The religious roots of a new progressive era

To push a metaphor for a moment — if the Constitution and the Bill of Rights were the bones of the house that all Americans inhabited, then the Protestant Mainline was a combination interior decorator, building inspector, homeowners’ association and zoning committee. Any question that the liberal order didn’t answer, across most of our history, was answered by Protestant consensus or litigated by intra-Protestant debate. (What were the limits of religious liberty? Should society regulate sex, and how? Should society regulate alcohol consumption, and how? What values should be taught in schools and universities?) And when the Mainline couldn’t come to an agreement, as in the long theological dispute over slavery and racial equality — well, then part of the house burned down and had to be repeatedly reconstructed.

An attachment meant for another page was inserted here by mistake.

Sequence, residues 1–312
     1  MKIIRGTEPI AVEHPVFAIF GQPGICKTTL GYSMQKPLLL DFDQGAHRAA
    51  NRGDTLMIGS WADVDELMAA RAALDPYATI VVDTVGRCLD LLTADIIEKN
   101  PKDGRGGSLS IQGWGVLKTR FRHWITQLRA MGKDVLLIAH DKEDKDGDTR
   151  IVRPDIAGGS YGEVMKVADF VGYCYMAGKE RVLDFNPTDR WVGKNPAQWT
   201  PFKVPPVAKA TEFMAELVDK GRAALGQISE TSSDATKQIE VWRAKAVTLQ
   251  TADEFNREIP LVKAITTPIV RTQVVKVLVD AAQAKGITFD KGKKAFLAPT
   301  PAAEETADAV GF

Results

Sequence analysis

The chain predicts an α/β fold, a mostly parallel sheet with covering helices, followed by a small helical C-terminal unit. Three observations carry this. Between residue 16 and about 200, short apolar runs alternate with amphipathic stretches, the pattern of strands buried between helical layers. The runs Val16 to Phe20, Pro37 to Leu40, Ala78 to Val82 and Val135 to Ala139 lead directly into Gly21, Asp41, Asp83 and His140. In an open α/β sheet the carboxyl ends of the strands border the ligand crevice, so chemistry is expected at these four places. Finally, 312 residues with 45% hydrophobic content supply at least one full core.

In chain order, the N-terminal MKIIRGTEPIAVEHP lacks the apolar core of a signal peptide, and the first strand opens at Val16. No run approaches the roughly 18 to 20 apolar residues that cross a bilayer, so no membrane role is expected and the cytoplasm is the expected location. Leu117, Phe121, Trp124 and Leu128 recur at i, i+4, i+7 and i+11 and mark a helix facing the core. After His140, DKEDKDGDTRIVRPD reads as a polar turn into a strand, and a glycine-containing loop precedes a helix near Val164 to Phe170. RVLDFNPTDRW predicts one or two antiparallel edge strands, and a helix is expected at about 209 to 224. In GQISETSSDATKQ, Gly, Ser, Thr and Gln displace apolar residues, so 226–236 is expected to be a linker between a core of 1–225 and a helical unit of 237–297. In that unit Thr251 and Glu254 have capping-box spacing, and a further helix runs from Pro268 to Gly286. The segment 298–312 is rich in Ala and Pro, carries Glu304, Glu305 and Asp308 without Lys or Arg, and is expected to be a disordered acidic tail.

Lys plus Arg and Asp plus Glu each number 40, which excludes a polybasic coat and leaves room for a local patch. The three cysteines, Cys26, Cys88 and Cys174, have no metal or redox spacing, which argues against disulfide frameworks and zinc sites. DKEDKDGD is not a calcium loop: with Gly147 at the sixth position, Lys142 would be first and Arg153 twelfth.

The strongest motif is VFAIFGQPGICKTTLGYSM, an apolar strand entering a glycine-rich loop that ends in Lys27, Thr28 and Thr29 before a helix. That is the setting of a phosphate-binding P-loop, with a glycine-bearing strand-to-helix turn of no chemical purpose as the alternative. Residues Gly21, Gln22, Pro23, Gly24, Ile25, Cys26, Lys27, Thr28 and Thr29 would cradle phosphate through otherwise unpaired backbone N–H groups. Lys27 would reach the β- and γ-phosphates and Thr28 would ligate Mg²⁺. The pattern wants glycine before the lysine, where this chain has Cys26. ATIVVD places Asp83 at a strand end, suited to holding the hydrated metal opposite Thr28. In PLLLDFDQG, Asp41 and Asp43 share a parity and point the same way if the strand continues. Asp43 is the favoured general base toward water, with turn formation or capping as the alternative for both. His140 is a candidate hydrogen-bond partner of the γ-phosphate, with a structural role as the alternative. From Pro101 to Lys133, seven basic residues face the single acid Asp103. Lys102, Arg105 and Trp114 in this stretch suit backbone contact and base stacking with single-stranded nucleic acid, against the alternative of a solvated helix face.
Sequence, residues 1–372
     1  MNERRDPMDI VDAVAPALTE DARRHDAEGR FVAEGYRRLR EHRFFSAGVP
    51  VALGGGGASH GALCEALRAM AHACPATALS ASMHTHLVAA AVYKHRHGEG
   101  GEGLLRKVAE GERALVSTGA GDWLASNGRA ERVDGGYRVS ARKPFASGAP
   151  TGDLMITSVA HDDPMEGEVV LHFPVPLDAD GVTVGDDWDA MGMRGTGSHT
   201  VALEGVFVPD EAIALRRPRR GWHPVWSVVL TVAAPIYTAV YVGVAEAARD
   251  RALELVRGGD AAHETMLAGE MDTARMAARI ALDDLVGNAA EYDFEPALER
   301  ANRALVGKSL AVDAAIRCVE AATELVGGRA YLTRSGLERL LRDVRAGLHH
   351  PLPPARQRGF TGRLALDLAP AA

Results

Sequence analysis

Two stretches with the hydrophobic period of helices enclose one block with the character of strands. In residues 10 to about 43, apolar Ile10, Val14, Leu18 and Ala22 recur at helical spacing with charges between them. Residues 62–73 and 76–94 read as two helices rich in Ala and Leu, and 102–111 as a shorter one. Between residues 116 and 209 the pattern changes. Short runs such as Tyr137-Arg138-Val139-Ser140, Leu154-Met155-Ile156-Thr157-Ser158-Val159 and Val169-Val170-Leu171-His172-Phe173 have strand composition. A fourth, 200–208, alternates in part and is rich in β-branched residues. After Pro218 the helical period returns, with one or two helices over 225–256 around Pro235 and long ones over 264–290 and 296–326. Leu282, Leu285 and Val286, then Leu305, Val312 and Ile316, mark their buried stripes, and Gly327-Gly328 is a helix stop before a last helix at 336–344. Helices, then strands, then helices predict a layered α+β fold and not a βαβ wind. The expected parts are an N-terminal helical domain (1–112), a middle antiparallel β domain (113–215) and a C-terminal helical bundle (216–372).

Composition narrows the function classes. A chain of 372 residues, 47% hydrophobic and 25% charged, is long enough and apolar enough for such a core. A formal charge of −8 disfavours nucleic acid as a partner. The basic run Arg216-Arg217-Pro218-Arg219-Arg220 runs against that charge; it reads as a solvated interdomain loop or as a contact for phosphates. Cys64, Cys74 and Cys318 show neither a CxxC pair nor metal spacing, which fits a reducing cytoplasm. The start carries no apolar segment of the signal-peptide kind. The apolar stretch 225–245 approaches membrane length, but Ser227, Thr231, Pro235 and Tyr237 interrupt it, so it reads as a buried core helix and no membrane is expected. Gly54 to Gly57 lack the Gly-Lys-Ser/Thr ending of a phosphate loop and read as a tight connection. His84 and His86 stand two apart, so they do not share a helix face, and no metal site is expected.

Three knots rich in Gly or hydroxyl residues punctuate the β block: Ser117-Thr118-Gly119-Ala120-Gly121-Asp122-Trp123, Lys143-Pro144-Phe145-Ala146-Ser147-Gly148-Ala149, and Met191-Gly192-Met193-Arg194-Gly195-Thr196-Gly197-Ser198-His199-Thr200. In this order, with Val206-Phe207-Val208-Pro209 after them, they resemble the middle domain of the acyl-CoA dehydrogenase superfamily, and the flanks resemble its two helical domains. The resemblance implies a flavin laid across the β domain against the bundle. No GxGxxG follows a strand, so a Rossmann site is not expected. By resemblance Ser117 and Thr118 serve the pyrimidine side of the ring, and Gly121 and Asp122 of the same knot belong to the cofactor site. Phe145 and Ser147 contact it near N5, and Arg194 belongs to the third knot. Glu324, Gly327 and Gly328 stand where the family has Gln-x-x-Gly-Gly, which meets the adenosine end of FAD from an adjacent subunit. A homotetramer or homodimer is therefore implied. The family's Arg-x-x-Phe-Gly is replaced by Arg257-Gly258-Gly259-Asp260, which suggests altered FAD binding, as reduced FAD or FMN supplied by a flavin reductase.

But all that belongs to the past, because in the decades after Eisenhower, the Mainline suddenly collapsed — declining numerically and losing overt influence in all the institutions, elite and local alike, that it once animated and defined. What took its place, in the upper echelons on the meritocracy, was an assumption that liberalism didn’t need a religious ghost in its machine, that you could just have a liberal culture instead of a Protestant culture, and all the important questions could be worked out through reasoned arguments that required no theological priors, no Bible-bothering, no authority higher than the Supreme Court or capital-S Science.